Nag Panchami is one of the biggest festivals and most sacred occassions for the Hindu community in India and elsewhere. Know how the festival is celebrated in different parts of India. If you like this article on Nag Panchami celebrations and want to share it with your friends and dear ones, just click here. Have a Nag Panchami grand celebration.
Nag-Panchami, the festival of snakes, is an important all-India festival and is celebrated on the fifth day of the moonlit fortnight in the month of Shravan (July /August). On the auspicious occasion of Nagpanchami all across India, people celebrate the day of the snake in their very own way. Though the festival is celebrated throughout India, it is observed more in the southern regions than in the north, and even more in the rural areas.
The fact that it is celebrated more in the rural areas underlines the dread of snakes of the simple village folk who saw in the worship of the snake-god a way to propitiate the supernatural forces, that seem to control every aspect of human life including life and death, and thus keep death from the deadly and poisonous snakes at bay.
The grandest Nag Panchami celebrations can be beheld in Baltis Shirale, a village situated approximately 400 kilometers from Mumbai. About a week prior to the festival, the people of this village dig out live snakes from holes and keep those in covered earthen pots. The snakes are fed with rats and milk. The villagers do not remove the venomous fangs of their captives as they believe that it is unholy to hurt the snakes. It is surprising however, that the poisonous snakes never bite their captors. On the day of Nag Panchami, all the people of the village, young and old, dance to the tune of musical bands. Each of them carrying a snake-pot on his head, they walk in a long procession to the sacred-temple of goddess Amba where they offer a worship service to the deity. When the performance of all rituals are complete, the snakes are taken out from the pots and the temple priest sprinkles haldi-kumkum and flowers on their raised heads. The snakes are offered plenty of milk and honey and set free in the temple courtyard. During Nag Panchami, people from all over the world flock to Baltis Shirale to worship live snakes. Reportedly, the largest collection of snakes in the world can be found in Baltis Shirale.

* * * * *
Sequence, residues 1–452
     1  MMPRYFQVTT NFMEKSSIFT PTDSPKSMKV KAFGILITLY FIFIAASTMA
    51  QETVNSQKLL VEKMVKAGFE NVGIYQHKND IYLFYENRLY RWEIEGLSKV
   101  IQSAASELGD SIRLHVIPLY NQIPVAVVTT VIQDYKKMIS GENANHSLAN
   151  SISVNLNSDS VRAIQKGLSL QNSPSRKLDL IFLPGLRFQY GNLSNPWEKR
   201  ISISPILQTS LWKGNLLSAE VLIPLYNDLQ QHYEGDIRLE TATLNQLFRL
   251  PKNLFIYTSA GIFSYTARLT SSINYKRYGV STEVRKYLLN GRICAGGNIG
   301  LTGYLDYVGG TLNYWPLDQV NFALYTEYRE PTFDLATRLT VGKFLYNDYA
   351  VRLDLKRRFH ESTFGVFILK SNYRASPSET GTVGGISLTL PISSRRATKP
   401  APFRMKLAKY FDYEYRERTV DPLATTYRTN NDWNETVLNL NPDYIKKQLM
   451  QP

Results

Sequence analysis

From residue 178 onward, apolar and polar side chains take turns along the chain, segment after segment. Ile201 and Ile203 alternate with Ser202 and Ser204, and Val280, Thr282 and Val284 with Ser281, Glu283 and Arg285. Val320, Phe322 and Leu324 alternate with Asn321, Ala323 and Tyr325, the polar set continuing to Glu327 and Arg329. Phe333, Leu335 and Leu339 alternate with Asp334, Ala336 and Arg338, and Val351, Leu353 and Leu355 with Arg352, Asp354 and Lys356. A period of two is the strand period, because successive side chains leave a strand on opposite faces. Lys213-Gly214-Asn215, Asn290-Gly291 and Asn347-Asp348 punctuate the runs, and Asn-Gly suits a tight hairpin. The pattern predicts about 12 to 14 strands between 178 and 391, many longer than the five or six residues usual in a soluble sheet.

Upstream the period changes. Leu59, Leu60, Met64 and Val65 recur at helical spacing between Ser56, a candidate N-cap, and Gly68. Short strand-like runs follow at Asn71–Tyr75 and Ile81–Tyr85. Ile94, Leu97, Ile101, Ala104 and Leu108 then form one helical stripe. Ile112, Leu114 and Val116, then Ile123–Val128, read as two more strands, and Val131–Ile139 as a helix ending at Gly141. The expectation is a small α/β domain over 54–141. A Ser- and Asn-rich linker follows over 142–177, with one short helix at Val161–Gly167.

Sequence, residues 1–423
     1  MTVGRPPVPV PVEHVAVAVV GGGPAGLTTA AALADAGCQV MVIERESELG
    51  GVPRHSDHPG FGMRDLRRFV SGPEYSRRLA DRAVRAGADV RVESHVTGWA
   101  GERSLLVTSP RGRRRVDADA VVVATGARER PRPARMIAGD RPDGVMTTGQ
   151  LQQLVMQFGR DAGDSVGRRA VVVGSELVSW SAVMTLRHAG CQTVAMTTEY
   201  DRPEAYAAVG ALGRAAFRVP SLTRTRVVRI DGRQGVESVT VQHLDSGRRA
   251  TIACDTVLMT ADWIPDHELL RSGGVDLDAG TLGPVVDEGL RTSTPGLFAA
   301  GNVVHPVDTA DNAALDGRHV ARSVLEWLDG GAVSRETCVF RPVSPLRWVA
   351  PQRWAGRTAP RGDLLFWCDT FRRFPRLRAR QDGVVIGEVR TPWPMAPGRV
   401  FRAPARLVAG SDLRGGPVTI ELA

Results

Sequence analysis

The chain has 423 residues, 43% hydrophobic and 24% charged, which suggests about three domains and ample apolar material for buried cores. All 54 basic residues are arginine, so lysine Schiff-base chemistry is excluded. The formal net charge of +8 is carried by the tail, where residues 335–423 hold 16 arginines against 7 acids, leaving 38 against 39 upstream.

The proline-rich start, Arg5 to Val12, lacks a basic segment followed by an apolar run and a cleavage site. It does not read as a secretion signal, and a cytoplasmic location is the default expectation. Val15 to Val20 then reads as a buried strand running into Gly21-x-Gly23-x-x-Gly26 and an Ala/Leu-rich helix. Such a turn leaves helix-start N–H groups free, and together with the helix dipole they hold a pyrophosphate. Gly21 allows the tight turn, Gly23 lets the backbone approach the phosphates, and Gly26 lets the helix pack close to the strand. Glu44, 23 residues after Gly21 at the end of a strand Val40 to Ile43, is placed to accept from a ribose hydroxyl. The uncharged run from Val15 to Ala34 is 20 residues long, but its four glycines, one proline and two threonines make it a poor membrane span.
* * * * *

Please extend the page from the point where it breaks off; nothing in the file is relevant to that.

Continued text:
In Bengal and parts of Assam and Orissa, Maa Mansa or the queen of serpents is worshipped. It is thought that it is only by appeasing the goddess that one can keep himself away from harmful snakes.
The famous poem "Mansamangal" describes Maa Mansa as the mother goddess who rules supreme over the entire clan of serpents. Snake-charmers rule the roost during the occassion as hundreds of them are hired to invoke the Snake Queen by playing melodious tunes on their flutes.